Consequences Of Linguistic Frame Switching: Cognitive And Motivational Shifts In Bilingual Tunisians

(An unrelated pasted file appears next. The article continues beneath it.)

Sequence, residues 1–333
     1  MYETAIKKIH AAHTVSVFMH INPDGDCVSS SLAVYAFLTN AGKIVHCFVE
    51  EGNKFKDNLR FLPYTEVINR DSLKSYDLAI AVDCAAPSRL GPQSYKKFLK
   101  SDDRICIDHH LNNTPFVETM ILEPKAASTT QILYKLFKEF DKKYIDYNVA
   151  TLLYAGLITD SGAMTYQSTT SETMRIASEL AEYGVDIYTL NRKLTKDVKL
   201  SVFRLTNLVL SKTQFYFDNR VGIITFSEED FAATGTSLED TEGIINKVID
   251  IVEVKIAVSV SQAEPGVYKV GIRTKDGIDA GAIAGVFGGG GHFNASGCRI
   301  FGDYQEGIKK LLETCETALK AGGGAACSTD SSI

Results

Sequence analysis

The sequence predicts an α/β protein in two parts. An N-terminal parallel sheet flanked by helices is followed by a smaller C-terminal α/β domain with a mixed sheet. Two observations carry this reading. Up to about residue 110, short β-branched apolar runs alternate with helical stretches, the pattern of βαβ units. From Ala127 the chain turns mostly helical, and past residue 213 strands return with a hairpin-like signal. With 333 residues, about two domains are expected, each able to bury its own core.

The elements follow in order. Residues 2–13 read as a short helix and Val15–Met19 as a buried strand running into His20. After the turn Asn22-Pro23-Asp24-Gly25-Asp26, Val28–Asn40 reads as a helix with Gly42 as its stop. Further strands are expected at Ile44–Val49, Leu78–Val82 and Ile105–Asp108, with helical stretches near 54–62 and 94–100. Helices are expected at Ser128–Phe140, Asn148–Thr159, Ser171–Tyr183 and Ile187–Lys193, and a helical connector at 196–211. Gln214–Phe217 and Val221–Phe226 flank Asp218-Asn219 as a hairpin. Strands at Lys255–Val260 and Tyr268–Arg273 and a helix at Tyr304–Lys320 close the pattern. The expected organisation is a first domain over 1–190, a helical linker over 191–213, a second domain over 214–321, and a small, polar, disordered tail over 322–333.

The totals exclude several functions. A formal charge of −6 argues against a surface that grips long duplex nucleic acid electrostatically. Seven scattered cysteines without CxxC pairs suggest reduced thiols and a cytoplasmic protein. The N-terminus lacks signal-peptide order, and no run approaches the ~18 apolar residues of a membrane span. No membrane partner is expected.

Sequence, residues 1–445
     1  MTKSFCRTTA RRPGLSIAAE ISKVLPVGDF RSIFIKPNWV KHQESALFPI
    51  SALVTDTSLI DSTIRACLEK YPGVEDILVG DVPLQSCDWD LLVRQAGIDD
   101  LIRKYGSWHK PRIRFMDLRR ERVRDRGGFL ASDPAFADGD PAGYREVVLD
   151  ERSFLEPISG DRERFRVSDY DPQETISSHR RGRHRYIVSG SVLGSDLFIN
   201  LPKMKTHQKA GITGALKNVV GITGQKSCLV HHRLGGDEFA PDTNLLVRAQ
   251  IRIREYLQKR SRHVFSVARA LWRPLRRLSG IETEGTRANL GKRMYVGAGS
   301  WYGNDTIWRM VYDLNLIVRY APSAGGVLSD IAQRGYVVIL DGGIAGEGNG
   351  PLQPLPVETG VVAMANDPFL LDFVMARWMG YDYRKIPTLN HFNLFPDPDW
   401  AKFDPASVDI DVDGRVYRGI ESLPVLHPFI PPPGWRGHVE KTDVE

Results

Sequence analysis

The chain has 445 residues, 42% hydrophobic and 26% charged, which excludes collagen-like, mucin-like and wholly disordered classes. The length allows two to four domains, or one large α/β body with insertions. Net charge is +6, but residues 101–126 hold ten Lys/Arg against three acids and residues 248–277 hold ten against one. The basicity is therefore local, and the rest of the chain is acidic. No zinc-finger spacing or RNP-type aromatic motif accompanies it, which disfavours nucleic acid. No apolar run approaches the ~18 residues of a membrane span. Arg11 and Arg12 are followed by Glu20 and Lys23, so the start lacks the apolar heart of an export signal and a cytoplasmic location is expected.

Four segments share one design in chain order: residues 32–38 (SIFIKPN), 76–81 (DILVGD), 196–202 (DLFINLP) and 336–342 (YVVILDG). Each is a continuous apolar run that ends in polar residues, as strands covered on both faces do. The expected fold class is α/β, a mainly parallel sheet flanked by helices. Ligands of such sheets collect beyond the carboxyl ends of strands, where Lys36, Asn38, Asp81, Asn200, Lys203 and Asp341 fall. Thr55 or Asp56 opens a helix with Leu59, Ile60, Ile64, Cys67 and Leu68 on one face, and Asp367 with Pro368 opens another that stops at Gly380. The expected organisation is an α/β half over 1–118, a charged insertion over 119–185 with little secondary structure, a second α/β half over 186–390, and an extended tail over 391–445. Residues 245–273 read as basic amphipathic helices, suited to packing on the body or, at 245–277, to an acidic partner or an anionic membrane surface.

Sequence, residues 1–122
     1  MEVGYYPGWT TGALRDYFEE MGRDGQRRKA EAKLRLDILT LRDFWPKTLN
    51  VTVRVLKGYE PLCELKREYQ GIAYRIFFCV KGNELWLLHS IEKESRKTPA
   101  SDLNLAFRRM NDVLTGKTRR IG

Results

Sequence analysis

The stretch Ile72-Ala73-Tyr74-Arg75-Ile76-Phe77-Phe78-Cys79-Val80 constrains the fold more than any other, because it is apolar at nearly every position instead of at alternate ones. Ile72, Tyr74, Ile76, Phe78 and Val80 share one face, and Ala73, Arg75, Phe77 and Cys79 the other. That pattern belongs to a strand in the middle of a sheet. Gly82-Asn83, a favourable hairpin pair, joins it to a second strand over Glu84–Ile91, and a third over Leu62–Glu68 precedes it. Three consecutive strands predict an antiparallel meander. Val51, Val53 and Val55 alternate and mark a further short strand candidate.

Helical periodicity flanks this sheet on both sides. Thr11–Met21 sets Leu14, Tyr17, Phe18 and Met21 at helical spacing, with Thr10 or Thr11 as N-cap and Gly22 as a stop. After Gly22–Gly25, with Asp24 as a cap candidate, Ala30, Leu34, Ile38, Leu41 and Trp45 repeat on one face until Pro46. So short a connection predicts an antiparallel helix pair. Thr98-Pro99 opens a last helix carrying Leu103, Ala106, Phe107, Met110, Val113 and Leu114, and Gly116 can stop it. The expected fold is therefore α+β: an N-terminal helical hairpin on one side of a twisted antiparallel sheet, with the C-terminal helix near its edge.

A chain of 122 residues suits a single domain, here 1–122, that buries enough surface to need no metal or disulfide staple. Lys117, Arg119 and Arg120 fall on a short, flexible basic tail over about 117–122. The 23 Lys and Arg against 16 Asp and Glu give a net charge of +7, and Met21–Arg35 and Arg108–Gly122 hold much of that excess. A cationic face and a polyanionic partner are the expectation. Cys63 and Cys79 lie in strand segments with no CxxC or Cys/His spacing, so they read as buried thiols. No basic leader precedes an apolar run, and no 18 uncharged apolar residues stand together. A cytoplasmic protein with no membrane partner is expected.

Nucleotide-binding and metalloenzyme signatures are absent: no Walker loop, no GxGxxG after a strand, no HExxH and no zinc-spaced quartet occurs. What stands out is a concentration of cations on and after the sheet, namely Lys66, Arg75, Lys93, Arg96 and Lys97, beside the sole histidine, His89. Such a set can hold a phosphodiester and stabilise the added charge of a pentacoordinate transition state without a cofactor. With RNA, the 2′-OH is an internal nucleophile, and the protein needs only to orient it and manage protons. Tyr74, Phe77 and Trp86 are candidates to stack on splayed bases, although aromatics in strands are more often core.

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Bilingualism and biculturalism are of growing importance in the world today and of increasing research interest in social sciences. Since the seminal paper by Hong et al. (2000), researchers have explored cognitive consequences of cultural and/or linguistic frame switching on cognitive functioning, mainly causal attributions (Benet-Martinez et al., 2002). It was repeatedly found that when primed by either Chinese or Americans symbols, bicultural Chinese-Americans would act as monoculturals on each side of their hyphenated identity. Paradoxical effects of conflicting bicultural identity were also reported (Benet-Martinez, Haritatos 2005). Boski (2008) extended the arguments built on a particular cultural mix of Chinese-Americans category and the analytic - holistic cognitive divide, to other groups and to axiological domains among Polish-Americans. In the current study, bilingual Tunisians of two generations were asked questions pertaining to values entrenched in their immediate cultural milieu and about those reflecting their personal convictions. Also, they answered questions about their readiness to act according to extrinsic and intrinsic motivations, as well as about conflicts between these two tendencies. Language (Arabic vs. French) was the key contrasting variable in our study. The findings clearly demonstrated that when using the French language, participants of both generations became not only less extrinsic but also less intrinsic in their motivations based on the local Arabic culture. However, the degree of conflict between these two motivational tendencies became stronger among participants using French as a tool for communication. This research demonstrates the power of cultural representations based on language and adds to the arguments falsifying naïve beliefs in “perfect translations”.

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